The Expendables (2010)

I grew up with two kinds of movie fans. One (my mom) was a hardcore horror buff, and the other was an unabashed action buff (my dad), so for most of my life before I sought out various genres, all I sat and watched were sleazy action flicks and gory horror films. “The Expendables,” while not a perfect movie, is a call back to the classic action films of the seventies and eighties when men were buff, grizzled, hairy and fired off huge guns while also getting the woman in the end, it’s a traditional action film that is also director Sylvester Stallone’s own version of “The Wild Bunch” about old cowboys who have one last stand to reclaim their dignity and self-respect. They do the missions because they feel as if they have to, and they don’t take in to caution their own well beings.

While the movie is scant on a complex plot, the characterization is pretty bare knuckles allowing us a look in the more core characters of the action film. The Expendables are men of honor trying to atone for their own misdeeds and cruel acts in the past, and like the classic westerns, they make up for the lost souls they took or let perish by taking up deadly suicide missions guaranteed to end their lives at any moment if they don’t step lively. Stallone invokes the themes of the western with his own Magnificent Seven, a small group of warriors who also happened to be played by modern rough necks who aren’t exactly movie tough guys.

Stallone gathers some sports stars like Randy Coutoure and Steve Austin and assembles an intricate array of genre veterans like Eric Roberts as the slimy villain, Mickey Rourke as the group’s wise leader, and assorted gents like Dolph Lundgren, Jet Li, and Jason Statham a conglomerate of film heavy hitters who make “The Expendables” an action fan’s dream with a story that is down to its core the classic story of political corruption, a foreign warlord, and the American soldiers trying to free the land and save the day. This is strictly a movie for men in a market that’s been saturated with films for the youth and women where Stallone appeals to the male gender by providing a cavalcade of action set pieces, explosions, gun fights, and car chases making sure to pay respect to all of the men he casts and providing a fun but dignified re-visiting of the classic action movie tropes most of us love so much.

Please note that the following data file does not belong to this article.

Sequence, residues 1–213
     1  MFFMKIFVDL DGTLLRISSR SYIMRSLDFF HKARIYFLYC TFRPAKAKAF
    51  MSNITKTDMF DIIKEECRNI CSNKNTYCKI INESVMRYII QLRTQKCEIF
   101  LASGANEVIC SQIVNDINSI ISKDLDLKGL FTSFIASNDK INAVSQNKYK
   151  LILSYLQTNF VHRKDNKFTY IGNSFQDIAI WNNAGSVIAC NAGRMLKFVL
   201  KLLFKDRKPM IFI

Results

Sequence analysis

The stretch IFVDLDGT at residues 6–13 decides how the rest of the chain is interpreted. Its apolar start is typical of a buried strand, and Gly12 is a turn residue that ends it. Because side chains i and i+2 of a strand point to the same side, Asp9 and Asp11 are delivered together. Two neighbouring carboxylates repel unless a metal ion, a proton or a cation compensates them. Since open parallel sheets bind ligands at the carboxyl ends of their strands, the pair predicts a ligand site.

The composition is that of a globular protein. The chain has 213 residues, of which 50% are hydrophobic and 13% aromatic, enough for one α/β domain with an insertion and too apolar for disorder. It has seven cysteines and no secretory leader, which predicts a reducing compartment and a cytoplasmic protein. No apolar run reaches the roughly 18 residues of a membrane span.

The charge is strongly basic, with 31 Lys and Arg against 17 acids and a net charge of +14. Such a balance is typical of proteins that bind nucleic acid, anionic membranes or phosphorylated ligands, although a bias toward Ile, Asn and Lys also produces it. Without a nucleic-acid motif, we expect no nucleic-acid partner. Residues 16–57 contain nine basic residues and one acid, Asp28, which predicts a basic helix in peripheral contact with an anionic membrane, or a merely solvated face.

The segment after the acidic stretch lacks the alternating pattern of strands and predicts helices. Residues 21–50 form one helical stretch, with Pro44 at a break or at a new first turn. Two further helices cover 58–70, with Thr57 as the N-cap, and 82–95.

Stallone oddly enough tries to squeeze in every stunt imaginable so the movie is not without its share of top notch choreography, incredible chases, and wicked fight sequences all of which feel like Stallone taking a last stand in a genre looking for younger men who can fit the bill and bring in the money. This is his last hurrah for the guys of the world who grew up with hard boiled, tough talking anti-heroes who always worked on shades of grey and took their beatings with a chuckle, and Stallone has all of his ducks in a row with a script that is paper thin in plot, but rich in the spirit of the classic action films as well as some clever characterization.

Jason Statham, Stallone’s partner in crime, takes the film and never gives it back stealing every single scene he shares with his fellow actors, and there’s a considerable camaraderie that seeps in to their characters both of whom have a Butch and Sundance relationship where they compete with one another, toss snappy one liners back and forth, and hate each other, but can’t picture being friends with anyone else. “The Expendables” doesn’t try too hard to nod to the classic action films and is set on giving us its own tale about a group of buff old timers who find a purpose one last mission and gain a sense of affirmation when a country is on the line.

Sylvester Stallone squeezes in action and thrills in one neat little blood soaked package, and it’s a love letter not only to the bygone era of action heroes, but to his fans all of whom have always secretly had a movie such as this in mind but could never quite get it to be made. Papa Sly gave it to us and I am more than grateful for its rewards. It’s not a perfect movie and it won’t actually appeal to all audiences, but for those willing to chow down on what Stallone feeds them, “The Expendables” is a marvelously entertaining, action packed, and wicked little balls to the wall love letter with a Western vibe suitable for a night of cold beer, chili, and a hot woman at your side.